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GLOBAL BUSINESS ENVIRONMENT
Note : Each Question Carries Equal Marks
CASE STUDY : 1
Today the pace of economic change is far rapid than at any point in the history of mankind with eachpassing moment, the economics of the world are getting further integrated and interlinked. The term ‘globalvillage’ is no longer a myth, but a reality which we need to live with.The world over, these are shifts towards lesser government involvement in the field of business. The famousquote “The business of government is not to be in business” by John Moose seems to hold relevance thesedays, because of the privatization wave across the countries.
Question.1. Explain the term privatization?
Answer:Privatization, also spelled privatisation (in British English), may have several meanings. Primarily, it is the process of transferring ownership of a business, enterprise, agency, public service, or public property from the public sector (a government) to the private sector, either to a business that operates for a profit or to a nonprofit organization. It may also mean the government outsourcing of services or functions to private firms, e.g. revenue collection, law enforcement, and prison management.
Privatization has also been used to describe two unrelated transactions. The first is the buying of all outstanding shares of a publicly traded company
Question.2. Explain the modes of privatization?
Answer:“Privatization” is an umbrella term covering several distinct types of transactions. Broadly speaking, it means the shift of some or all of the responsibility for a function from government to the private sector. The term has most commonly been applied to the divestiture, by sale or long-term lease, of a state-owned enterprise to private investors. But another major form of privatization is the granting of a long-term franchise or concession under which the private sector finances, builds, and operates a major infrastructure project. A third type of privatization involves government selecting a private entity to deliver a public service that had previously been produced in-house by public employees. This form of privatization is increasingly called outsourcing. (Other forms of privatization, not discussed here, include service shedding, vouchers,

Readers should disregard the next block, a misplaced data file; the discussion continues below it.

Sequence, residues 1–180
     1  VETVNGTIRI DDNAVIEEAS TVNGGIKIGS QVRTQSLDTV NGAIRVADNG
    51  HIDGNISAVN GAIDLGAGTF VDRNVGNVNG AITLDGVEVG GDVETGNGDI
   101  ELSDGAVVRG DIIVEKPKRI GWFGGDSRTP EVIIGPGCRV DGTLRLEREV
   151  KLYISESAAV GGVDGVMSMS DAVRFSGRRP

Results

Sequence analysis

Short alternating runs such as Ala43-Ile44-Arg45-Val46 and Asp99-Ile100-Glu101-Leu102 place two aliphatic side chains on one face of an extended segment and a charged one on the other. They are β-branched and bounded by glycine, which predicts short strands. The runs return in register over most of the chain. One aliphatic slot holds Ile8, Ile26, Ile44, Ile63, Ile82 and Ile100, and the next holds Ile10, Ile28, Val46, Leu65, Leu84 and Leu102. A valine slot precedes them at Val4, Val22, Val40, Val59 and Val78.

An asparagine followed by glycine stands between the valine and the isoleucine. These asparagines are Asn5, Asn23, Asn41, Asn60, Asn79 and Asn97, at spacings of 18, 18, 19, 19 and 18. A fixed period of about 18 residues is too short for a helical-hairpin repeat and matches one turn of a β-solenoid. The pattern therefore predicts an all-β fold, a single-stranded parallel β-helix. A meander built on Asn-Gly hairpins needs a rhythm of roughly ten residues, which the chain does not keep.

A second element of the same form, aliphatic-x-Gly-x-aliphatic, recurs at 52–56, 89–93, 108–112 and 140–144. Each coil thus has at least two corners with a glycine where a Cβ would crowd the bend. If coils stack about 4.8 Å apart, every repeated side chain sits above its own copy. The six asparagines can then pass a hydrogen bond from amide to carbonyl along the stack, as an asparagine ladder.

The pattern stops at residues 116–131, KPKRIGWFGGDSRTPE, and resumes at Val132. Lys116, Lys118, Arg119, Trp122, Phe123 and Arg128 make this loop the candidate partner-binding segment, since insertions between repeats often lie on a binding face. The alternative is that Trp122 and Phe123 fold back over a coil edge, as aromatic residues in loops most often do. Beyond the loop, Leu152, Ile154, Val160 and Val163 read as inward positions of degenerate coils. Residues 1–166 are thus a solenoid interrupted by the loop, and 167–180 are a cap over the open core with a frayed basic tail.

Question.3. What are the reasons for privatization?
Answer:In economic theory, privatization has been studied in the field of contract theory. When contracts are complete, institutions such as (private or public) property are difficult to explain, since every desired incentive structure can be achieved with sufficiently complex contractual arrangements, regardless of the institutional structure (all that matters is who are the decision makers and what is their available information). In contrast, when contracts are incomplete, institutions matter. A leading application of the incomplete contract paradigm in the context of privatization is the model by Hart, Shleifer, and Vishny (1997). In their model, a manager can make investments to increase quality (but they may also increase costs) and investments to decrease costs (but they may also reduce quality). It turns out that it
Question.4. Explain the problems of privatization?